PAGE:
McNeil Island, Washington (CNN) -- For over a century the picturesque waters around McNeil Island had a job to do: they kept the inmates in.
Convicted criminals arriving at "the prison without walls" soon found out that attempting to swim the three miles through the frigid Puget Sound was a death sentence.
But after 135 years, Friday will be closing time at McNeil -- and the water off its shores will no longer be needed to deter escaping prisoners.
When McNeil Island Corrections Center first opened in 1875, it was a territorial facility since Washington had not yet gained statehood.
An island prison in the remote Pacific Northwest made sense, at least in theory.
"Puget Sound was the waterway or the highway for carrying out commerce, but it also came with some treacherous problems," said Dick Morgan, the prison's last superintendent.
"You could only travel the water when the weather would allow. So whether or not you had food on the island was a matter of if you could stock a rowboat and get it across three miles of water. Sometimes people would be socked in for a long period of time."
Before this week's closing, almost all of the prison's 1,200 inmates and 400-person staff were transferred to other facilities. A separate institution housing sexual offenders remains on the island, but nature is being allowed to retake much of the roughly 7-square-mile island.
Shortly after McNeil's opening, an official described the prison's location as "one of the most impractible (sic) situations that could possibly be selected for an institution of that kind," according to "The McNeil Century," a book on the prison's history.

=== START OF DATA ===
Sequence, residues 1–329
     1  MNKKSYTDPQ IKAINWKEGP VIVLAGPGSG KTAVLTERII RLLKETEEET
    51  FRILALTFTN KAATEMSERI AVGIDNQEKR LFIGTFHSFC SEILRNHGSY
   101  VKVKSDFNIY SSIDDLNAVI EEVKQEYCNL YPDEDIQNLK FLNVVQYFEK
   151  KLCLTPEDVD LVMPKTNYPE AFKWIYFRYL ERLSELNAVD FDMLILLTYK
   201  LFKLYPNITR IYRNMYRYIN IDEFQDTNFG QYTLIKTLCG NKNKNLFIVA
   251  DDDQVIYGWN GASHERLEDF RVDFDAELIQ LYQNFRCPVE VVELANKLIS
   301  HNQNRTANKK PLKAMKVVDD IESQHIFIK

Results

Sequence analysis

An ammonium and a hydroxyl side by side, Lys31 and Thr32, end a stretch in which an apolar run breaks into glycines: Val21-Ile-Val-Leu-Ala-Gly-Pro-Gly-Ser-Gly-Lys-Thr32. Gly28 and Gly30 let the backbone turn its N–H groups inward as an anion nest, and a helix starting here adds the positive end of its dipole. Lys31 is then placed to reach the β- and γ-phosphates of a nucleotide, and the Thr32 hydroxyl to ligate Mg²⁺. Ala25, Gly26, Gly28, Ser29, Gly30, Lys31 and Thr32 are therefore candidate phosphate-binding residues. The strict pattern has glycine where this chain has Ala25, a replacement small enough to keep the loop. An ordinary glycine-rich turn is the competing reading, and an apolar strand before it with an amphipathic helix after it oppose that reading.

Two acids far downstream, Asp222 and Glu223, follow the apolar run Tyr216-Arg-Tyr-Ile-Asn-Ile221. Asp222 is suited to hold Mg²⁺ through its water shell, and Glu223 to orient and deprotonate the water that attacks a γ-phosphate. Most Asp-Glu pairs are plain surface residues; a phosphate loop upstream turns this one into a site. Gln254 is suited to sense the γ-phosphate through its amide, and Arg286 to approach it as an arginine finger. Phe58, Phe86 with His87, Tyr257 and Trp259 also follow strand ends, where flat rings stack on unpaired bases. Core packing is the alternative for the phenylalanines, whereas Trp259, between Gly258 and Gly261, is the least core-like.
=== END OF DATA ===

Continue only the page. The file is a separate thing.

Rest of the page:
Moreover, the prison initially was built without living facilities for guards.
Logistical problems aside, McNeil opened for business. The prison's first inmate was a man sentenced to 20 months for selling whiskey to Native Americans.
In 1909, Robert Stroud arrived at McNeil, convicted of murdering a bartender in Alaska in a fight over a prostitute. Arriving at McNeil, Stroud wrote, he was hit with "the old odor of unwashed bodies, unsanitary night buckets, the accumulated filth of years," according to "The McNeil Century."
Stroud was transferred to Leavenworth federal prison after killing a McNeil inmate in a fight over morphine. There, the self-educated prisoner raised birds and eventually became a published expert on avian illnesses.
Burt Lancaster portrayed Stroud in "Birdman of Alcatraz," the 1962 movie classic that presented a fictionalized version of his life. In that movie, Stroud is described as reflecting "the ideals of the country whose laws he shattered."
Another infamous prisoner at McNeil was Los Angeles organized crime boss Mickey Cohen, who spent four years there during the 1950s on a tax evasion conviction.
In the prison's crowded cells, the germaphobic mafioso annoyed his fellow inmates by compulsively washing his hands, according to "The McNeil Century."
Charles Manson served just under five years at McNeil in the 1960s. Not long after he left McNeil, he gained infamy for leading the "Manson Family" whose random, brutal killings terrorized California in the late '60s.
But at McNeil, Manson was merely a small-time car thief.
Prison records show Manson left little impression at McNeil other than performing with the prison band and painting a large crimson red pentagram on the floor of his cell.
However, it was train robber Roy Gardner -- once considered the most hunted man in the West -- who gained nationwide notoriety for his 1921 escape from McNeil.
He reportedly escaped during a prison baseball game -- two other prisoners were shot -- only to be caught several months later. After a few other prison stints and attempted escapes, he was eventually transferred to Alcatraz and released in 1938. He wrote an autobiography, "Hellcatraz," about his life inside the more famous island prison.